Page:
Fuji-Q Highland

So what do you do when you’re staying within a gyoza throw of a rollercoaster theme park with Guinness world record breaking rollercoasters? Go to Thomas the Tank engine land instead of course! ^_^’

It does seem a little odd having the mayhem of a rollercoaster theme park in amongst tranquil lakes and temples with a Mt Fuji backdrop, ah Japan the land of contrasts, but like they say… when in Rome… I mean, when in Kawaguchiko….

It was our last day in the little lake side town so after checking out we spared the luggage drag and taxied directly to Fuji Q.

Travel tip:
There are storage lockers at both entrances, the biggest size is -just- big enough to fit a large suitcase that’s pushing it’s weight limit. However make sure you get dropped off at the main entrance (near the hotel) if you want to use these large lockers.

As mentioned we were mostly there to give the little one her first foray into theme parks, this did work in our favour as a lot of the rides aren’t included in the gate ticket price (Y1000-2000 extra for each ride) and while the park was quite empty first thing in the morning, there were still line ups for the main attractions. Thomas Land however was included in the price and line waits were minimal if at all, most being “hop off and straight back on”.

Like most large theme parks, food and amenities are easily accessible, the eatery near Thomasland directly catering to the youngsters with kid friendly meals, pizza, pasta, chips etc in small portions.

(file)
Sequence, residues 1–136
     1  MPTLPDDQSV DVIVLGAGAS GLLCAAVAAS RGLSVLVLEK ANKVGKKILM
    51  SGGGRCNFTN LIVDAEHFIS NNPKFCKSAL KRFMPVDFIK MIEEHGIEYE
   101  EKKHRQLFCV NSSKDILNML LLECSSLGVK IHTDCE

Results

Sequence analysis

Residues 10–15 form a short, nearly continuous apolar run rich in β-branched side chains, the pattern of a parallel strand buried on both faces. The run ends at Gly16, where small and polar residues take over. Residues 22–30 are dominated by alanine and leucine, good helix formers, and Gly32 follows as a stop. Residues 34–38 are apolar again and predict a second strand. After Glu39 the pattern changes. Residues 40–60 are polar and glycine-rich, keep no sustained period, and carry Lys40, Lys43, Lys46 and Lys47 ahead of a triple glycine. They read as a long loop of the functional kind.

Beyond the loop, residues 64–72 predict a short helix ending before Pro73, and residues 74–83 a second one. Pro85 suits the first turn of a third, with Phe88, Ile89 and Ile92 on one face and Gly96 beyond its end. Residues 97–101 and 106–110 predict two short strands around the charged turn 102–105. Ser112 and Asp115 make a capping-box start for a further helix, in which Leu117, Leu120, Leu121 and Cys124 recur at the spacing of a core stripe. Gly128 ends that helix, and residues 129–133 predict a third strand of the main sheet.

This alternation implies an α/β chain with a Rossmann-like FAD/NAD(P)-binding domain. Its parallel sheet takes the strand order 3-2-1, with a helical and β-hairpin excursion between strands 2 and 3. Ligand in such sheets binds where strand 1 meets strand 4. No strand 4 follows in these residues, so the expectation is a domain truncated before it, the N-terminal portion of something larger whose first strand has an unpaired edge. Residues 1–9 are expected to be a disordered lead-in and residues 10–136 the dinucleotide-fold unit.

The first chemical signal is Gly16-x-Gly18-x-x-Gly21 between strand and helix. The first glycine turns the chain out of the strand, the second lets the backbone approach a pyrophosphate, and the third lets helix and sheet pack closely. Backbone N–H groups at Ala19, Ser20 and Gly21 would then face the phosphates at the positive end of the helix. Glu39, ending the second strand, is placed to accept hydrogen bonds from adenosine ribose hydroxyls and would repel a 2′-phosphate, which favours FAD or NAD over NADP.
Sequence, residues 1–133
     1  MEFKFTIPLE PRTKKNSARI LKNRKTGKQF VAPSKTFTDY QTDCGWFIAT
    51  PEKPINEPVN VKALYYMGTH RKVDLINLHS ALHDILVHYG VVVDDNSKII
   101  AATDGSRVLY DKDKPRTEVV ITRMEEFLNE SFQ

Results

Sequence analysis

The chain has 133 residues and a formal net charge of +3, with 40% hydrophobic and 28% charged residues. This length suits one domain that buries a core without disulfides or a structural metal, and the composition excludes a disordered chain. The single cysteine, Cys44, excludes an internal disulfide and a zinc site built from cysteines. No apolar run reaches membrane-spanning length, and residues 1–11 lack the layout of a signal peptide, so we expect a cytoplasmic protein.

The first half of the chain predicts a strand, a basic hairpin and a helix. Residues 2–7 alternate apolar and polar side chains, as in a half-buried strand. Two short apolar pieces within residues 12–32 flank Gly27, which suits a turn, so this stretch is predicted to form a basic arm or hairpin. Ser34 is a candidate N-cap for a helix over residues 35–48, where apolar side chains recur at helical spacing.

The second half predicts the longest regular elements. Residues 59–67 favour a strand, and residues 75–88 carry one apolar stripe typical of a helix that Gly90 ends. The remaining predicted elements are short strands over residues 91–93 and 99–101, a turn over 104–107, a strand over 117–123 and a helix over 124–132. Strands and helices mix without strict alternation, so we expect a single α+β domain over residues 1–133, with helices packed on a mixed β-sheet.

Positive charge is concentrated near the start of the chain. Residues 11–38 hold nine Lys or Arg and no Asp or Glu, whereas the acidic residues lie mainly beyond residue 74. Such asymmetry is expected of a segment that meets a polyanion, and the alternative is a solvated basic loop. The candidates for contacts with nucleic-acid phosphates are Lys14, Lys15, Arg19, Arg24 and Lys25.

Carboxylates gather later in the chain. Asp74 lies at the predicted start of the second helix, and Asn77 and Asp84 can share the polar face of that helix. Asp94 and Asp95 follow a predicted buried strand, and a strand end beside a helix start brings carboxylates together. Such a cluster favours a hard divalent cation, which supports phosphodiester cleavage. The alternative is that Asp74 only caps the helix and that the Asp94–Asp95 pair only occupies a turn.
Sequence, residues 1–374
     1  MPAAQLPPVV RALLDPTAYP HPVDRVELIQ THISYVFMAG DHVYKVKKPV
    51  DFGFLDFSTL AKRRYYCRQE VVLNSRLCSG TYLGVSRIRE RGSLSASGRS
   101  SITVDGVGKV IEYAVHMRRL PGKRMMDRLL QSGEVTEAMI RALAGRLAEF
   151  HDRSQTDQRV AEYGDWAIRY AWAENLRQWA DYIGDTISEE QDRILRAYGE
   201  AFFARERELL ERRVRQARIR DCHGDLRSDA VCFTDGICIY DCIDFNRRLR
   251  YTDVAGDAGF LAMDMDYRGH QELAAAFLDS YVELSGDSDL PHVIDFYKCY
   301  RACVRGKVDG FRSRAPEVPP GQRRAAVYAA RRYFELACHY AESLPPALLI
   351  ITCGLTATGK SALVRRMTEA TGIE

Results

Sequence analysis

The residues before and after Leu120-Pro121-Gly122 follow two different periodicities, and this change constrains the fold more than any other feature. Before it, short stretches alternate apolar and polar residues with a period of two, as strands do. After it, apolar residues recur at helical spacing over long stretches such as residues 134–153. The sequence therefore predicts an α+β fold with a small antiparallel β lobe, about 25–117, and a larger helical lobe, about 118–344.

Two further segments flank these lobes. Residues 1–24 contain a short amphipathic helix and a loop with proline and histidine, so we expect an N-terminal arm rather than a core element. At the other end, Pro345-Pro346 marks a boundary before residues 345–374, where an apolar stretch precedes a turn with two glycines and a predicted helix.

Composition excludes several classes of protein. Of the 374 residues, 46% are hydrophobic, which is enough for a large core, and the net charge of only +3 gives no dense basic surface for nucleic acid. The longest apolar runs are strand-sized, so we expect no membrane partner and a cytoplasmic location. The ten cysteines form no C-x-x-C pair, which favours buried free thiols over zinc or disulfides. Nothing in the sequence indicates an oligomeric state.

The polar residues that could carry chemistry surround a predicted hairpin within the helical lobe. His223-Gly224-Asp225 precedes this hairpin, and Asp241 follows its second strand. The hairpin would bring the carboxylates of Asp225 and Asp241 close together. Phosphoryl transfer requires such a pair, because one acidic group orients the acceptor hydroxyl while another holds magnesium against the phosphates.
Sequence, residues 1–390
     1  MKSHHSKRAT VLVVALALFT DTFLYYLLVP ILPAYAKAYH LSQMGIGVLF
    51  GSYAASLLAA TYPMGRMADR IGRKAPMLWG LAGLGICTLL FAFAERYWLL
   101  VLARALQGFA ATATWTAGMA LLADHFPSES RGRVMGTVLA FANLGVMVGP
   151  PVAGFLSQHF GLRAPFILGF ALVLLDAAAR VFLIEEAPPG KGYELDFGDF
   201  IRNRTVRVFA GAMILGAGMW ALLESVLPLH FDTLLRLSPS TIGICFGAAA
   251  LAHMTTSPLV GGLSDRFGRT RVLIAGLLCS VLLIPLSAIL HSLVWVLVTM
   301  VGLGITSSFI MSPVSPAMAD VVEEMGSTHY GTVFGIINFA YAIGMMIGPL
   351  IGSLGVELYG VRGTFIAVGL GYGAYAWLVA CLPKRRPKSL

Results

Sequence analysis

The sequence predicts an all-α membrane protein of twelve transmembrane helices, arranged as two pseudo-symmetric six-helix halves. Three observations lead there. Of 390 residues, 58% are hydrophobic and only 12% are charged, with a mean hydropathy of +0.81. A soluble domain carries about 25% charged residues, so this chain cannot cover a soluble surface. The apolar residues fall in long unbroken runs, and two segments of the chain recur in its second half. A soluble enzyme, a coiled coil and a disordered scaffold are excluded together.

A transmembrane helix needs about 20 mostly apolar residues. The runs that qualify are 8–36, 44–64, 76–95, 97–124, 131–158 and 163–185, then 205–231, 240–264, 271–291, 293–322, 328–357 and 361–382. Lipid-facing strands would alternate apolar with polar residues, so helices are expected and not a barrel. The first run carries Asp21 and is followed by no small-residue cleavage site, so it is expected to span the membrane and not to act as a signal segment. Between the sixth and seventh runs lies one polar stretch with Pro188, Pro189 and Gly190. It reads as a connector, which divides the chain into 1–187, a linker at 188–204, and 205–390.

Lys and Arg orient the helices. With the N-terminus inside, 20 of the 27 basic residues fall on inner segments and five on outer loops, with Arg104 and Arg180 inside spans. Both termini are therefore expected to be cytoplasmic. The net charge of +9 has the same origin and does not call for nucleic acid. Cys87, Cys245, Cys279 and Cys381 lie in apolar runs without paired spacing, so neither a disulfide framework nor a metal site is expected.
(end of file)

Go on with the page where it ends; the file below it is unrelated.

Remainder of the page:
If you’re not into roller coasters, its not a complete loss, there’s apocalypse style “haunted houses”, 4D movie style experiences and a selection of tamer rides.

Update: Thomas world has since added a bunch of new rides and activities while the park itself has a few extras namely the winter wonderland activities and rides during the cold seasons.

Quick stop equals quick blog post!  Next we finally get to the main event, the purpose of the whole trip, SNOW in the Japanese alps! 😀

The shibazakura aka pink moss, like the cherry blossoms (sakura), only bloom for a short period each year can be seen in several locations around Japan, though possibly no where quite as prominent as the Fuji Shibazakura festival near lake Motosuko with Mt Fuji as a backdrop. Even though the shibazakura sprouts for the better part of a month, if youre on either end of that window the display can be rather lacklustre. Unfortunately this was the case for us, we caught the tail end of the season, but on the plus side crowds were minimal.



Getting there:
A ticket to the event which includes entry and a round trip bus ticket can be purchased at Kawaguchiko station for around 2000Y (at one of the small outdoor booths closer to the road, not in the station itself. Keep an eye out for signage)
One or two buses leave each hour depending on the time of day (same with returns) with the first one around 8pm. Since the trip takes about an hour, it’s a good idea to get there as early as possible, especially if you’re going during the peak weeks. We noticed an influx of people around late morning.
More info: http://www.japan-guide.com/e/e6919.html
Stay up to date with festival news from the official site: http://www.shibazakura.jp/eng/access/